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Mesenteric nitric oxide and superoxide production in experimental necrotizing enterocolitis. J Surg Res 2010 Jun 01;161(1):1-8 PMID: 19922948 PMCID: PMC3196648

Pubmed ID

19922948

DOI

10.1016/j.jss.2009.07.028

Abstract

BACKGROUND: A proposed mechanism of intestinal injury in necrotizing enterocolitis (NEC) involves vascular dysfunction through altered nitric oxide synthase (NOS) activity. We hypothesize that this dysfunction results in an imbalance in nitric oxide (*NO) and superoxide (O(2)(*-)) production by the intestinal vascular endothelium, which contributes to the intestinal injury seen in NEC.

MATERIALS AND METHODS: Neonatal rat pups were divided into two groups. Control pups were breast fed and housed with their mother. Experimental NEC pups were housed separately and either exposed to formula feeding and 5% to 10% hypoxia alone (FF/H) or with the addition of lipopolysaccharide (FF/H/LPS). Mesenteries from each group were analyzed for *NO and O(2)(*-) production with and without NOS inhibition by N(G)-monomethyl-L-arginine (L-NMMA). Western blot analysis for eNOS, phosphorylated eNOS (phospho-eNOS), and inducible NOS (iNOS) was performed, and each terminal ileum was graded for intestinal injury by histology.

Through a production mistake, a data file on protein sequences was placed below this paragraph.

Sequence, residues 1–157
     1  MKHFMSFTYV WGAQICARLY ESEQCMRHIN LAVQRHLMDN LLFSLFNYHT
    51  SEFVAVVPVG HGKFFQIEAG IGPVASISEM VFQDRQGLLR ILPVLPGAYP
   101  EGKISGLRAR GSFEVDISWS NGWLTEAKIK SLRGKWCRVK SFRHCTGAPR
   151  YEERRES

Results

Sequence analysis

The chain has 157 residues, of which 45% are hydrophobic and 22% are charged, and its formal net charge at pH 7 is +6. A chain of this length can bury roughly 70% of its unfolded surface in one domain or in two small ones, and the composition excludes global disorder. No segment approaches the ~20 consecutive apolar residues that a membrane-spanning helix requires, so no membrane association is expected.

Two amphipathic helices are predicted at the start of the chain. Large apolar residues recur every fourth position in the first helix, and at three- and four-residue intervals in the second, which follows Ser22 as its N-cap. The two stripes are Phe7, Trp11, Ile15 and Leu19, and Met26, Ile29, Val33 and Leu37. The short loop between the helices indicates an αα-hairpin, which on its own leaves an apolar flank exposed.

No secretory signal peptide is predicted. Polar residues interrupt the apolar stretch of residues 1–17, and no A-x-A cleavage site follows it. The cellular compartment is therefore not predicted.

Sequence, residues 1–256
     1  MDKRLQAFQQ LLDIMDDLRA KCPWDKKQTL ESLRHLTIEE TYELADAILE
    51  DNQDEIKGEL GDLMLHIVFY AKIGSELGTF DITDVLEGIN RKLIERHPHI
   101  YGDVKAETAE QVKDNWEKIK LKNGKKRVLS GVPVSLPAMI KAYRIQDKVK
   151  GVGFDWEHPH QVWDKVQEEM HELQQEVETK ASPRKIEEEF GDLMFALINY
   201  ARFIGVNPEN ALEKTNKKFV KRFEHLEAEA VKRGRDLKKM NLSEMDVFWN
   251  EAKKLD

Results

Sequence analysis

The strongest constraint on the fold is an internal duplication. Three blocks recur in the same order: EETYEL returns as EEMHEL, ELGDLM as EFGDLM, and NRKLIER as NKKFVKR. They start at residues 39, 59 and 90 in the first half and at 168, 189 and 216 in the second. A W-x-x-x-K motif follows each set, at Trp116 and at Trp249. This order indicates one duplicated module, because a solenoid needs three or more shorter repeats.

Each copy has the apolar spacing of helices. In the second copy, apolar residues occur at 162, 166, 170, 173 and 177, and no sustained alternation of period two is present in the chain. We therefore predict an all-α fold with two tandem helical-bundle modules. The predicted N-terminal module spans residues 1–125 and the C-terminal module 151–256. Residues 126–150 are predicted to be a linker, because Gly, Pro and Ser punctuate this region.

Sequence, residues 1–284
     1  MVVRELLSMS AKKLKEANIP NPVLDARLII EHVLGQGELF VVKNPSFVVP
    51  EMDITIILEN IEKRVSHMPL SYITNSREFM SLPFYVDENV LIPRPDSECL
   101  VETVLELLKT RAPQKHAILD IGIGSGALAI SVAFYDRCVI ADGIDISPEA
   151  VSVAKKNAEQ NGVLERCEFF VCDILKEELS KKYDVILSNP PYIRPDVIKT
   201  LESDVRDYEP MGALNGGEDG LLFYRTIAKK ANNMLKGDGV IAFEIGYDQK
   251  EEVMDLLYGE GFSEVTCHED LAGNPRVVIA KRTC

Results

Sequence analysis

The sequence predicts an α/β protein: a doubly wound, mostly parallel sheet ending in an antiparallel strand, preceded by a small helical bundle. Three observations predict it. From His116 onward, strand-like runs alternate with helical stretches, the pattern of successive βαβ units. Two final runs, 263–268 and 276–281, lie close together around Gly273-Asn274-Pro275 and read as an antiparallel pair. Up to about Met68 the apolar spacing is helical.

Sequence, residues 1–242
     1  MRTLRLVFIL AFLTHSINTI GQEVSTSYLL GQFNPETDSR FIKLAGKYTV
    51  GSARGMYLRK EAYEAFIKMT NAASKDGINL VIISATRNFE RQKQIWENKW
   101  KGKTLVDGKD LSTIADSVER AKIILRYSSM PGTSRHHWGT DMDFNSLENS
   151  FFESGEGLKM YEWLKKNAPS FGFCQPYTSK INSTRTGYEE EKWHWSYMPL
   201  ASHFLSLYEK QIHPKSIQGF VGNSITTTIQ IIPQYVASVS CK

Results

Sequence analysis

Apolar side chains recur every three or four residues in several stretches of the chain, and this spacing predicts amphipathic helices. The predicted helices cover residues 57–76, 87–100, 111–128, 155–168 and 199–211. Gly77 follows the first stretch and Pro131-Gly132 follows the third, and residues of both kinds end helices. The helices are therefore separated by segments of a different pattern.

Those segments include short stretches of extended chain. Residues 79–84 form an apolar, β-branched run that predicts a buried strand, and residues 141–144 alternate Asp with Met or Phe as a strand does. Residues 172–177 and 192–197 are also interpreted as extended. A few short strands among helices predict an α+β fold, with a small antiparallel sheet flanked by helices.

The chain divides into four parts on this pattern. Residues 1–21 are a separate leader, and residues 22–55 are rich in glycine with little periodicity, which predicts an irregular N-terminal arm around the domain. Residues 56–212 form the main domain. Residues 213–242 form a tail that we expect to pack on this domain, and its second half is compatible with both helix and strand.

RESULTS: Histology revealed mild intestinal injury (grade 1-2 on a 4-point scale) in the FF/H group and severe injury (grade 3-4) in the FF/H/LPS group. The FF/H cohort had significantly increased *NO and lower O(2)(*-) production, while the FF/H/LPS group shifted to significantly decreased *NO and increased O(2)(*-) production. L-NMMA inhibited >50% of O(2)(*-) production in all three groups but only inhibited *NO production in control and FF/H pups. Western blot analysis revealed increased levels of phospho-eNOS in FF/H pups and increased iNOS in FF/H/LPS pups.

CONCLUSIONS: This study demonstrates in the progression of NEC, intestinal ischemia is associated with a shift from *NO to O(2)(*-) production, which is NOS-dependent. Potentially greater injury results from impaired vasodilatation and over-production of reactive oxygen species.

Author List

Whitehouse JS, Xu H, Shi Y, Noll L, Kaul S, Jones DW, Pritchard KA Jr, Oldham KT, Gourlay DM

Authors

David M. Gourlay MD Chief, Professor in the Surgery department at Medical College of Wisconsin
Keith T. Oldham MD Professor in the Surgery department at Medical College of Wisconsin
Kirkwood A. Pritchard PhD Professor in the Surgery department at Medical College of Wisconsin




Scopus

2-s2.0-77951621050   28 Citations

MESH terms used to index this publication - Major topics in bold

Animals
Animals, Newborn
Enterocolitis, Necrotizing
Mesentery
Nitric Oxide
Rats
Rats, Sprague-Dawley
Superoxides
jenkins-FCD Prod-310 bff9d975ec7f2d302586822146c2801dd4449aad